Moreover, in an unprecedented move, the FTC amended its original complaint, paring back one major claim. Perhaps Chair Khan should have listened to her professional staff rather than push the legal envelope in her “act fast” (see below) zeal to stick it to big-tech, no matter what the outcome.

In sum, the FTC has not proven that Meta’s acquisition of Within would prove harmful to consumers or competition, or that it violates the law. We’ll see what the courts decide, but what is glaringly harmful is the growing list of FTC actions that are undermining America’s startup entrepreneurs and their innovations.

Big Losers: U.S. Startups and the Emerging VR App Market

If allowed to move forward, the outcome of Khan’s FTC agenda is not a positive one for startups or even competition. As noted by the Foundation for Economic Education (FEE) in an article about Kahn’s “radical antitrust agenda,” Saul Zimet writes:

With the advent of Khan’s radical new approach, the F.T.C. is now working to achieve the exact opposite of what claims is the purpose of ensuring market competition through antitrust enforcement: “…lower prices, higher quality products and services, more choices, and greater innovation.”

This approach is not only likely to increase prices for existing technologies, but the initiative against the trade of technology companies will disincentivize the creation of new tech startups and thus reduce the amount of innovation and the choices of products on the market as well.

As most policymakers and regulators should know, the U.S. economy across all sectors is dominated by small to mid-size businesses. And while starting and growing a business is challenging, the U.S. has experienced a boom in new business applications over the past two years. Once (and if) these new businesses launch, they need as much support and encouragement as possible. Not surprisingly, many of these startups wish to be acquired (13% of startups said that is the case in a recent SBE Council survey), and once acquired many of these entrepreneurs move on to start their next business. This positive and dynamic cycle of risk-taking and entrepreneurship is what keeps our nation’s economy strong and globally competitive.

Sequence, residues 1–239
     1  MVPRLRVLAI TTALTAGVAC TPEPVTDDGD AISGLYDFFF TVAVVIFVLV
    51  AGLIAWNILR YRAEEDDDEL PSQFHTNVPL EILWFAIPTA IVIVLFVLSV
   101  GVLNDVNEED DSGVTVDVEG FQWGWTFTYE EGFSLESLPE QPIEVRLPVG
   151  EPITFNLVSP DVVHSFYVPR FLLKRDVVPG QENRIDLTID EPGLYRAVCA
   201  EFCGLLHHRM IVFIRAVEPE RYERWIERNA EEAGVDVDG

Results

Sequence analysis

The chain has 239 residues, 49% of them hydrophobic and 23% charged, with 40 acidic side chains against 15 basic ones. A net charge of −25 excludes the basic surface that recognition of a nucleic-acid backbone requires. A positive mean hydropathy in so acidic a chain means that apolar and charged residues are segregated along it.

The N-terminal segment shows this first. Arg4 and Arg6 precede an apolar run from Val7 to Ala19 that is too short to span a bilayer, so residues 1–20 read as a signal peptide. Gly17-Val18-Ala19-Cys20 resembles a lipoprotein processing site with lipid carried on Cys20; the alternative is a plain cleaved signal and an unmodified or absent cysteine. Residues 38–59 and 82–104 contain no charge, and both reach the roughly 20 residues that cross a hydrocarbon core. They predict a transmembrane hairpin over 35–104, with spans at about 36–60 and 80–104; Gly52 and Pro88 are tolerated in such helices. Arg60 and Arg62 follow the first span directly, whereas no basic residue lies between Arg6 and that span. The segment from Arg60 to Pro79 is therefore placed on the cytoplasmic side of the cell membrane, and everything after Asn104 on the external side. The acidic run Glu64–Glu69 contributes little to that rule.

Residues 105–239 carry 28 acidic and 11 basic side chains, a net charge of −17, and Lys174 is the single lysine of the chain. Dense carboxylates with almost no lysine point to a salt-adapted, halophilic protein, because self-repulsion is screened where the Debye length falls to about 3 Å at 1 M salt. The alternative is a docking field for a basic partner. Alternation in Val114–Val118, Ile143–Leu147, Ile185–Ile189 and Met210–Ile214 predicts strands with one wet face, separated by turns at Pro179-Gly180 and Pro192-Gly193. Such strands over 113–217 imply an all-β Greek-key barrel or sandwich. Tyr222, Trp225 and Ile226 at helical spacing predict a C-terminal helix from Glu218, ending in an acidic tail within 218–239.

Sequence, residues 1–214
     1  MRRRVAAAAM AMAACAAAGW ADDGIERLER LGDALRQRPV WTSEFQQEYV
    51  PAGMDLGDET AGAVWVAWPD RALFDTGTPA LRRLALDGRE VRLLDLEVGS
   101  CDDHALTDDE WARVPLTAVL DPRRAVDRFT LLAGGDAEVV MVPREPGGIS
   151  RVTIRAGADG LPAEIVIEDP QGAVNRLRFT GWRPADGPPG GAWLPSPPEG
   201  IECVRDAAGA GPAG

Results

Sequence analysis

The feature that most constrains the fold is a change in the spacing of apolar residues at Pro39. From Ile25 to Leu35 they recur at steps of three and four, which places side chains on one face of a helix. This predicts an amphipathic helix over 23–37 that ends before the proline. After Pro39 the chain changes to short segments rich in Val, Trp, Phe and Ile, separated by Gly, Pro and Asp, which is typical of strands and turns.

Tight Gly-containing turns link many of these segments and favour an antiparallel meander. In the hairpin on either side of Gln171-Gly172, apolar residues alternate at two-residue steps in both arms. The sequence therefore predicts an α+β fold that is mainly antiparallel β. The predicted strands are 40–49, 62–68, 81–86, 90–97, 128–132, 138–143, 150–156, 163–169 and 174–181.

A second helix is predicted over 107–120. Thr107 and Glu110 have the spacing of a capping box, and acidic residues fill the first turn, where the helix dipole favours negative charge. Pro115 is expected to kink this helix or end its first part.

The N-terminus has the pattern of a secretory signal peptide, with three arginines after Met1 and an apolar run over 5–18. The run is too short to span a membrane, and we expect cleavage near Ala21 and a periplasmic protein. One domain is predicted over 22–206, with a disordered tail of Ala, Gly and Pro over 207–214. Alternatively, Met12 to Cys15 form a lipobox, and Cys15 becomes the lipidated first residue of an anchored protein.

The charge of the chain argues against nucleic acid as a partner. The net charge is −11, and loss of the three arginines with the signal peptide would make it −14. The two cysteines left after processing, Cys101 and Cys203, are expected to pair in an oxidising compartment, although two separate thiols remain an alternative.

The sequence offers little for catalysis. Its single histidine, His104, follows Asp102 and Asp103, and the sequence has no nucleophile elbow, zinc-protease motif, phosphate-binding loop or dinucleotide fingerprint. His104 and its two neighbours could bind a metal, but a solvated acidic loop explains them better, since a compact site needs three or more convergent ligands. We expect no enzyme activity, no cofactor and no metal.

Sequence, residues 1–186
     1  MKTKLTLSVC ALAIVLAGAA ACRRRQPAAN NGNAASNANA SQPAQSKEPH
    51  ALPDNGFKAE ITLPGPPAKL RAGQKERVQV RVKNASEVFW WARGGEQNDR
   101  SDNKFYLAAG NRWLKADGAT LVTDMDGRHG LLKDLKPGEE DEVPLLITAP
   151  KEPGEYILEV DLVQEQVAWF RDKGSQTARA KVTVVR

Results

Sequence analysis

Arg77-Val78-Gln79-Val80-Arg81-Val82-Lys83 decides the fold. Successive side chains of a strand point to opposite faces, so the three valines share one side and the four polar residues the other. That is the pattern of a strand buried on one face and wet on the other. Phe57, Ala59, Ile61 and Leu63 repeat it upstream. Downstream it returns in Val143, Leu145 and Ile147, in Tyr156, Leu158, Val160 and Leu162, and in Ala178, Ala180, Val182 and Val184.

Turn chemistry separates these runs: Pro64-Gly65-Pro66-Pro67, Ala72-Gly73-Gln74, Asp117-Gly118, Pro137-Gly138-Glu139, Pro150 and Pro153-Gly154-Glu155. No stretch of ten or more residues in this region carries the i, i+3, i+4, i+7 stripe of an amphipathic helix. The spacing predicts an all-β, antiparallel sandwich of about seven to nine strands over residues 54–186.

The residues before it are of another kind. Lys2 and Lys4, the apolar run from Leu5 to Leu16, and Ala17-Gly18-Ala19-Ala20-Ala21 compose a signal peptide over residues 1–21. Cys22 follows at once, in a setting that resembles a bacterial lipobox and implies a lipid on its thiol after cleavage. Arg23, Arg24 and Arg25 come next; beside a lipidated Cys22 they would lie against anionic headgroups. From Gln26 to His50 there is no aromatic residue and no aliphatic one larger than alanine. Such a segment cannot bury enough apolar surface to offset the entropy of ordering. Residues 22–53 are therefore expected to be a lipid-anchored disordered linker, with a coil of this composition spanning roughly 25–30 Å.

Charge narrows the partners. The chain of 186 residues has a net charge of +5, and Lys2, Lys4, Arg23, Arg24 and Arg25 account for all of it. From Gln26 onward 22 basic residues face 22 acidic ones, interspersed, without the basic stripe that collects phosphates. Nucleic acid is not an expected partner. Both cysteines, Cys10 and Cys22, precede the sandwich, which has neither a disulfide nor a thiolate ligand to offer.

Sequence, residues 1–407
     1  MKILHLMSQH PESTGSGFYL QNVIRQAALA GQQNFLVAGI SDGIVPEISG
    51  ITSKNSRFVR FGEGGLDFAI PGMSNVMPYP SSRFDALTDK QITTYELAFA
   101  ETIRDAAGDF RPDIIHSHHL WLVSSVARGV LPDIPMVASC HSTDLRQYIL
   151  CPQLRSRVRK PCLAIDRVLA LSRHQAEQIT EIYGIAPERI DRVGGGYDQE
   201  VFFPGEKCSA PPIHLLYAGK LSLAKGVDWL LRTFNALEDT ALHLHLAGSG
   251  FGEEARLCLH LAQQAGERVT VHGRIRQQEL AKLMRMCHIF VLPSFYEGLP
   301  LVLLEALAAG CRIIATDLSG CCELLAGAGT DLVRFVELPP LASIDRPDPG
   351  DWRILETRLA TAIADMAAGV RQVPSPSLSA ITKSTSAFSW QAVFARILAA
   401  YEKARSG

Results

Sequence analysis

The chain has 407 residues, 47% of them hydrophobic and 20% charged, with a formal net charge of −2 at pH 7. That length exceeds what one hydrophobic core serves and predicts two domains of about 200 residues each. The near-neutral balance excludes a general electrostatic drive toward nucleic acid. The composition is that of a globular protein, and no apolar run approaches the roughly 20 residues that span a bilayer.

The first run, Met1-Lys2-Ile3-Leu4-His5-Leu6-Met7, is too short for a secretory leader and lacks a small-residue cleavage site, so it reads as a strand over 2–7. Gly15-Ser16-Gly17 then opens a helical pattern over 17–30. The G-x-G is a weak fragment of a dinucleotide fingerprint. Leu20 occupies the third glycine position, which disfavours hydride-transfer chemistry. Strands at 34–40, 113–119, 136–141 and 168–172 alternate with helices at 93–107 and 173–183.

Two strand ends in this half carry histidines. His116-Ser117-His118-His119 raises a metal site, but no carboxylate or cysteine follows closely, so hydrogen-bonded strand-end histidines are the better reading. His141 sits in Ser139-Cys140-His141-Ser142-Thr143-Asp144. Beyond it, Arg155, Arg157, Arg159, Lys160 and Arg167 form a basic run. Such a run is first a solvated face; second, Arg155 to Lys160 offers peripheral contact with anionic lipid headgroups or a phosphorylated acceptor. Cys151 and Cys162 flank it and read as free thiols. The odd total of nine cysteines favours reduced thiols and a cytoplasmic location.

Nathan Lindfors, Policy Manager for Engine, noted at our recent conference that this M&A activity is critical for local and regional economies, as well as for a broad range of industries:

“A robust M&A system drives the startups that drive the innovation that we all benefit from. For startups not in the big ecosystems like Silicon Valley, M&A becomes the only feasible exit and is critical to building [local] ecosystems and economic growth.”

In fact, according to a recent National Small Business Association (NSBA) survey, mergers and acquisitions are an important part of the business owner’s exit strategy as the business matures and grows – nearly half of small-business owners – 43% – say a merger or acquisition is important to their business exit strategy.